Teacher Professional Development

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The Achieving by Changing Initiative helps us understand
how to:

+  Provide curriculum-centered professional development in implementing rigorous standards

+  Develop networks that foster peer learning and support

+  Offer responsive and effective technical support


The idea of wasting an hour Googling something when you can go to a board and find something worth using in five minutes–that’s definitely a lifesaver.
— Jessica Wright, LISA Academy Teacher

Pinterest blew our socks off.
— Barbara Hunter-Cox, APSRC Director of Teaching and Learning

Many education advocates have lamented that rural schools, especially those in sparsely populated communities, have come “last in line” when it comes to getting the support they need to improve students' educational outcomes. And urban areas with larger student populations have often received the lion’s share of support. 

Barbara Hunter-Cox, Director of Teaching and Learning at the Arkansas Public School Resource Center (APSRC), noticed that 82 percent of school districts in Arkansas were classified as rural.[8] After initiatives were implemented in the larger, urban districts, the rural districts “got a carbon copy” of that plan, almost as an afterthought.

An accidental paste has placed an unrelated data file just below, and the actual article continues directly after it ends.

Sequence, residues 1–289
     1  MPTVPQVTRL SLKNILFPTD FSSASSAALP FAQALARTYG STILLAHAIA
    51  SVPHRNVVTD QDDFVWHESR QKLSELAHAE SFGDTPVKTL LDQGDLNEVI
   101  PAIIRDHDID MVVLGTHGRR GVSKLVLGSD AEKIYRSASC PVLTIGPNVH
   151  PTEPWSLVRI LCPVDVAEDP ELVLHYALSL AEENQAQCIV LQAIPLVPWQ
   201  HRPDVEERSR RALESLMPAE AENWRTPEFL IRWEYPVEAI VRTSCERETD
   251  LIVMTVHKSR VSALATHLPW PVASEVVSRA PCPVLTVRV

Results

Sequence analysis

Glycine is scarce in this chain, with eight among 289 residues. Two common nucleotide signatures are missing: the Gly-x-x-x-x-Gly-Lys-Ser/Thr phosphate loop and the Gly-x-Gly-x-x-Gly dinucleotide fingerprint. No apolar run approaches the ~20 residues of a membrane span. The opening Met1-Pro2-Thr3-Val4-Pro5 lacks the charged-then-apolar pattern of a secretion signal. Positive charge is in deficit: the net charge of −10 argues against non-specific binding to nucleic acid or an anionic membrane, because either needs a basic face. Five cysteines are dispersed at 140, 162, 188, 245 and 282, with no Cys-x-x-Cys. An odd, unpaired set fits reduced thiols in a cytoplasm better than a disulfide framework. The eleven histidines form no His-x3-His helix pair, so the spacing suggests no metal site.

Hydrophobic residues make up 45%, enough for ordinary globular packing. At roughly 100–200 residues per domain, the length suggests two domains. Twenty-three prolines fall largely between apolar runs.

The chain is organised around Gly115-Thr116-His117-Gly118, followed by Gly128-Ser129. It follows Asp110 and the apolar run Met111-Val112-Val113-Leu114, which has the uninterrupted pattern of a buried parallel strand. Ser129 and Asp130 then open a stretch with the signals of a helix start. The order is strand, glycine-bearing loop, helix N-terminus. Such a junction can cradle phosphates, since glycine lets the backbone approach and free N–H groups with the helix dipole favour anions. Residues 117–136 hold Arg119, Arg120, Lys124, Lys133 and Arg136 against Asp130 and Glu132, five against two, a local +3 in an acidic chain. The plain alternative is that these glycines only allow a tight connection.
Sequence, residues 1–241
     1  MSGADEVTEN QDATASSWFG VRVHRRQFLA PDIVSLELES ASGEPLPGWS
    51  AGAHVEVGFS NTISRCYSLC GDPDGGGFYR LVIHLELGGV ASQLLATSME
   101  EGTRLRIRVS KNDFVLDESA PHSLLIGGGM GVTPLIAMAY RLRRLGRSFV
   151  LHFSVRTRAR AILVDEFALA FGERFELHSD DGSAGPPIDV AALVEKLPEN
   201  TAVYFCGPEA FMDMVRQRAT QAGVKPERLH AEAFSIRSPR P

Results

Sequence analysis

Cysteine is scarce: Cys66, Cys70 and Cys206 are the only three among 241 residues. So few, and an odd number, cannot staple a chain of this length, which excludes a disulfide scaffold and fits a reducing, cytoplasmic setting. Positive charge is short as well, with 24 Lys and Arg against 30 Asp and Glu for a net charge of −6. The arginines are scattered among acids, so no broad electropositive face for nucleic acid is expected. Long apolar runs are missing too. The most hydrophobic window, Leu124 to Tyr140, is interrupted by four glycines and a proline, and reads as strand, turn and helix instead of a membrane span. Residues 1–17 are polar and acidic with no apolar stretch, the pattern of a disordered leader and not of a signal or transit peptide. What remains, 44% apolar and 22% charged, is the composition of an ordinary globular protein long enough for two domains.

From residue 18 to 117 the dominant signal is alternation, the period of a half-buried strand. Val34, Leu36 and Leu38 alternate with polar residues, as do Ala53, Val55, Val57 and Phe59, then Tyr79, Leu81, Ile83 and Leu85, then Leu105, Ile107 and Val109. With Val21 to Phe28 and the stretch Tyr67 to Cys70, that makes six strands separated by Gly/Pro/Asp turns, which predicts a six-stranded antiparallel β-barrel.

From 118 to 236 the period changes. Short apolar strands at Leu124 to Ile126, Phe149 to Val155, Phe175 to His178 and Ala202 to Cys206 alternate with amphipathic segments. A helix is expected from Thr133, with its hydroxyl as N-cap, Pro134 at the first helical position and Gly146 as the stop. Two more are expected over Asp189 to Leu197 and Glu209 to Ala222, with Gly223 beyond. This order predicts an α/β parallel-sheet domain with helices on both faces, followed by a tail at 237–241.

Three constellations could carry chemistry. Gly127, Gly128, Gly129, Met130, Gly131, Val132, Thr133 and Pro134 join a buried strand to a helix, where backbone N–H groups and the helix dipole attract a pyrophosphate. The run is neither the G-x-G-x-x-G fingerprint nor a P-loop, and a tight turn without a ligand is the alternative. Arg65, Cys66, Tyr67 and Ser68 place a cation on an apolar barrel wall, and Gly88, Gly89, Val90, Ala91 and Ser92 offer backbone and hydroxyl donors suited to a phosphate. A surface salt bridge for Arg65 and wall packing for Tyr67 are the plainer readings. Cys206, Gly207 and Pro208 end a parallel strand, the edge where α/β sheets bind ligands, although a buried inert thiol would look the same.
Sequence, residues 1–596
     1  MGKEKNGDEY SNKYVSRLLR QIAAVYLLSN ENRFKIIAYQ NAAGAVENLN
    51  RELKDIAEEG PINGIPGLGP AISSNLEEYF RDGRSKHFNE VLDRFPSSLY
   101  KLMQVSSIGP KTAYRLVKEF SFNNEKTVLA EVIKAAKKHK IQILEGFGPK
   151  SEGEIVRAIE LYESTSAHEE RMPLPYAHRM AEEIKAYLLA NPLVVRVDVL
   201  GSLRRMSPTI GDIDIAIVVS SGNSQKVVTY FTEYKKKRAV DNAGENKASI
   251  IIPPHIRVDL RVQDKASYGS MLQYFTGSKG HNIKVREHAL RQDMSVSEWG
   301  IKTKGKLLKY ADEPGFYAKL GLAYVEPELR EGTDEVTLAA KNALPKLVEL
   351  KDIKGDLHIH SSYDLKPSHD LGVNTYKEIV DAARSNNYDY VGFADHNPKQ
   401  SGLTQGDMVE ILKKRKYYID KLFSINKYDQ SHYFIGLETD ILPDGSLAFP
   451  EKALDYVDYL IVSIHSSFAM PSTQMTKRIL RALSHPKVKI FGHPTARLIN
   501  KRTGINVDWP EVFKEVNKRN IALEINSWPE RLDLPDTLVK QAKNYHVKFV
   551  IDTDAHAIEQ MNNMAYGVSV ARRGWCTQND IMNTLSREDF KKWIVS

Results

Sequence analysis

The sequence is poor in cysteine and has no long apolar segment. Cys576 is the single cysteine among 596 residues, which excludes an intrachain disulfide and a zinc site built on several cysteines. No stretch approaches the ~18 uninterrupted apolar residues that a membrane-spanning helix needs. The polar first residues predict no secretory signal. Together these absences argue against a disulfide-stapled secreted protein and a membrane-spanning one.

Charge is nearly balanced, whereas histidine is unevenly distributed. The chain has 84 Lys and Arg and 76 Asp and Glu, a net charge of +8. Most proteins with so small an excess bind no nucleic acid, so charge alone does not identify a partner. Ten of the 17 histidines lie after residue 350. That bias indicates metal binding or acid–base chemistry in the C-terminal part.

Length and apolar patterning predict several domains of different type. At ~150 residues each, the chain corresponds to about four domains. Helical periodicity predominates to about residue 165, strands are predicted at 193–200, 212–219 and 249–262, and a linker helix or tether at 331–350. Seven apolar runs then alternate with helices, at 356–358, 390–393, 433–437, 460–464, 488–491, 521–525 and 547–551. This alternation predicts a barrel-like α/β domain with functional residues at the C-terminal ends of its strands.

APSRC provided technical support and advocacy services to traditional and charter public schools. Through an APSRC initiative providing curriculum-focused professional development, hundreds of teachers in rural Arkansas and throughout the state learned the most effective ways to implement rigorous standards in their classrooms.

According to a survey of teachers conducted by APSRC, the organization's Achieving by Changing (ABC) initiative was essential for incorporating rigorous standards in instruction. During Common Core implementation, survey results also showed ABC participants had greater knowledge of Common Core in general. Both teachers and initiative leaders attributed the initiative’s success to the tight network of peer support.

Hunter-Cox knew the training APSRC provided had to be informed by feedback loops with participating teachers. Seven months before the first training session, teachers were recruited as design team members and worked closely with the APSRC planning team. Teachers clearly understood that empowerment, not regulation or oversight, was APSRC's top priority.

Networks of peer learning & Support

APSRC wanted to overcome geography as a barrier to building and supporting a truly statewide network. So, APSRC created a network within a network design made up of 10 regional hubs for all participating school districts. Each school had a team of teachers representing the training needs of its staff. Those teachers shared what they learned with their peers and built upon this knowledge within their schools.

Curriculum-focused professional development

About a year and a half into the ABC Initiative, APSRC learned that teachers were frustrated by the limited number of appropriate textbooks and other resources to provide the rigorous and relevant instruction Common Core required. Fortunately, APSRC’s response to the dilemma sparked a boost in collective morale. The network organized a working session, called a huddle, over three summer days. During the first huddle and the six that followed, teachers developed a shared curriculum as well as grade and subject-specific study units.